I don’t always go to conventions, but when I do, I prefer them to be exactly like WonderCon in Anaheim, CA.
I know, I know—it must be blasphemy to say that, especially with the august and oh so esteemed Comic-Con still in existence. But here’s the difference for me. Comic-Con is big, mainstream, and expensive. WonderCon has a nicer venue, a more local crowd, and panels that I can actually attend without being stuck in line for the better part of two hours (mostly).
Below, you can see the photos I took from last weekend’s WonderCon, as well as a summary of the best panels and sights I enjoyed there.
Day One: Panels Galore!
Arriving in the company of my good friend Dan, we found ourselves swept up into the convention floor, exposing to dozens of cosplayers from dozens upon dozens of fandoms. By my count, I’d say the most popular fandoms were Attack on Titan, Doctor Who, and Homestuck.
I decided to make my first stop a visit to the panel entitled “Animal Farm All Over Again.” Hosted by such authors as Kiera Cass and James Morris, the event was a discussion about modern allegory and the ongoing types of discrimination in fiction, whether on the basis of gender, race, or class. Sad to say, I wasn’t as enthralled in the discussion as I thought I’d be. It’s a worthy issue to bring up, but the panel was so quiet and listless that I couldn’t keep track of who was speaking and when (with all due respect to the moderator and participants, of course). But as it turned out, I had more interesting panels to attend later.
From 5:30 to 8 pm, I sat in on two amazing panels. The first was called “The Writer’s Journey,” which has become a mainstay at WonderCon. With such guests as actress Erika Alexander and Brandon M. Easton, I got a very in-depth account of what it takes to make it as either a TV writer or a graphic novelist. We were treated to a step-by-step overview of how to hire and respect one’s artists and illustrators, as well as the kind of attitude to take when breaking into the industry.
Then, at 7 pm, came a behind-the-scenes panel devoted strictly to TV writing. Dan and I learned a lot about how the struggle to produce solid content in today’s industry and the passion it takes to make it all happen. We left with our heads held high and our brains buzzing with ideas of our own.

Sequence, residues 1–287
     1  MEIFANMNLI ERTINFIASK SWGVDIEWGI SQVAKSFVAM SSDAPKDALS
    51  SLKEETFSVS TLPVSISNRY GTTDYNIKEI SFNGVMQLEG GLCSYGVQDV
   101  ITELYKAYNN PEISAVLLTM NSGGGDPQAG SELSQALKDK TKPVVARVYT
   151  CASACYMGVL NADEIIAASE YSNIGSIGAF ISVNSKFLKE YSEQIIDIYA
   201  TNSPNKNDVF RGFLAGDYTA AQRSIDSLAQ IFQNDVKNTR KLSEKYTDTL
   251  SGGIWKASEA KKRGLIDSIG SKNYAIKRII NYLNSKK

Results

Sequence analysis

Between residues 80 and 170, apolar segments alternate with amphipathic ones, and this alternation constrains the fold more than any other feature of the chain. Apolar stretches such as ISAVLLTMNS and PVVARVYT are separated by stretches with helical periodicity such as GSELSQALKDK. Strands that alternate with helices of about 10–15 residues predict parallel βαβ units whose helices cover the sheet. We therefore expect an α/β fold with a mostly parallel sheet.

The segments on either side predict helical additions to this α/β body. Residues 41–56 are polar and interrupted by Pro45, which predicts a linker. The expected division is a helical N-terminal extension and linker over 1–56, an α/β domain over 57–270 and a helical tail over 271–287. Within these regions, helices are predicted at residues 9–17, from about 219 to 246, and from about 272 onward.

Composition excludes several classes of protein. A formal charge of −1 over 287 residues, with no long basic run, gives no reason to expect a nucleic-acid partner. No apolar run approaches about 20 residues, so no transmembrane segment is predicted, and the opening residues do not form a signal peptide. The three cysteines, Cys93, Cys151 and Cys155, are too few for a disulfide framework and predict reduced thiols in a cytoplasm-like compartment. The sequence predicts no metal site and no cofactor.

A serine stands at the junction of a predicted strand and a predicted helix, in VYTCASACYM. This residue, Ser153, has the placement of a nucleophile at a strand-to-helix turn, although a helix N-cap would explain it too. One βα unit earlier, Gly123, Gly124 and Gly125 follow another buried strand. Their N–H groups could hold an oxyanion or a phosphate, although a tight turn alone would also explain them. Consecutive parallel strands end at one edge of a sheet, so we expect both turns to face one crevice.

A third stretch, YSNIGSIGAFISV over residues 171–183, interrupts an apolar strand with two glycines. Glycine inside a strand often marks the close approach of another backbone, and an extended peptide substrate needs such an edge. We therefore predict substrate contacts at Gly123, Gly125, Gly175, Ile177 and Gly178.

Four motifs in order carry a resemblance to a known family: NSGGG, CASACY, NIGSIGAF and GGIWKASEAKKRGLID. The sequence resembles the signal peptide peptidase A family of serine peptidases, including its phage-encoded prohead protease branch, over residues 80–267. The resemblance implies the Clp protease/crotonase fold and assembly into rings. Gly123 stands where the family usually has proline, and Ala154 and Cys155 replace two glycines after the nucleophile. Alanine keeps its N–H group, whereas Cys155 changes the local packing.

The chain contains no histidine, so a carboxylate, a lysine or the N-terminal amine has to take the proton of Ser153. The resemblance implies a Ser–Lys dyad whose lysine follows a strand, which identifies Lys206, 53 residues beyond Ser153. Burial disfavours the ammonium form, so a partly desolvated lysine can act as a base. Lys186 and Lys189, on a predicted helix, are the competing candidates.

Day Two: Cosplayers Assemble!
Though we encountered heavy traffic the next morning and some long lines inside, twas all worth it in the long run. At 2 pm was the highly anticipated panel for Star Wars Rebels, perhaps the biggest thing to get me excited since the announcement of J.J. Abrams helming the upcoming Star Wars sequel trilogy. I felt right at home among so many Star Wars fans, especially in line behind a crew of Mandalorians. But the panel itself was a treat, from Vanessa Marshall (voice of the great Jan Ors if you’ve ever played a Jedi Knight game) to an exclusive clip of animation and soundtrack. This show is definitely hearkening back to the roots of the saga, all the way to the raw adventure of A New Hope.
That was the only panel of note, but not the only noteworthy thing about the day. I think it’s safe to say that I found some amazing cosplayers on the convention floor that afternoon, whether it was the throngs of My Little Pony fangirls or the handiwork of my friends Alex and Lindsay, who showed up as a very striking Gambit and Rogue from the old X-Men cartoon (you can never go wrong with the classics).
I may have also attempted to stand in line for the Adventure Time panel, but after half an hour of desperate waiting, the majority of us didn’t get in. Being all the way outside and stuck in the same spot while the line behind me kept growing and growing, I was forced to keep sane through such clever tweets as this:
Day Three: One Last Ride
The final day (which I didn’t attend last year, it being on Easter Sunday) was quieter, but no less enjoyable. We took our time getting into the convention hall, with my only concern being able to make a panel on novel-writing led by Richard Hatch (author and actor of Battlestar Galactica fame) and the lovely Winner Twins, who wrote and published their first novel at age 13. The audience was a bit mild, but the panel was a great perspective on staying focused as a writer and getting right to the heart of a good story from beginning to middle to end.
As for the rest of my day, I wandered through convention floor. Perhaps the best highlight was that I met a ginger Eleventh Doctor (actually my good friend Alex), who then had the equally good fortune to running into a very fine Tenth Doctor cosplayer. Dan and I also made a point of going past a booth that was selling merchandise for the infamous cult film The Room… where who else but Tommy Wiseau himself should be, tossing out t-shirts into a crowd of onlookers and tossing around a basketball with random fans. And while you may say, “What a story, Mark!” rest assured that I have the photographic evidence to prove it.
Getting lost in the flow of the crowd, I came to realize that I felt right at home among the throngs of young men and women in costumes and props, that my Schrödinger’s Cat t-shirt was a badge of honor instead of an oddity within those walls. Everyone here was a fan, whether they were a vendor, cosplayer, creator, or just a spectator. We could all share in the joy of being part of a larger universe when we snapped pictures of a great costume or dropped cash on an amazing t-shirt or comic book. It’s a fantastic experience and I hope to continue returning to Anaheim around this time of year again and again.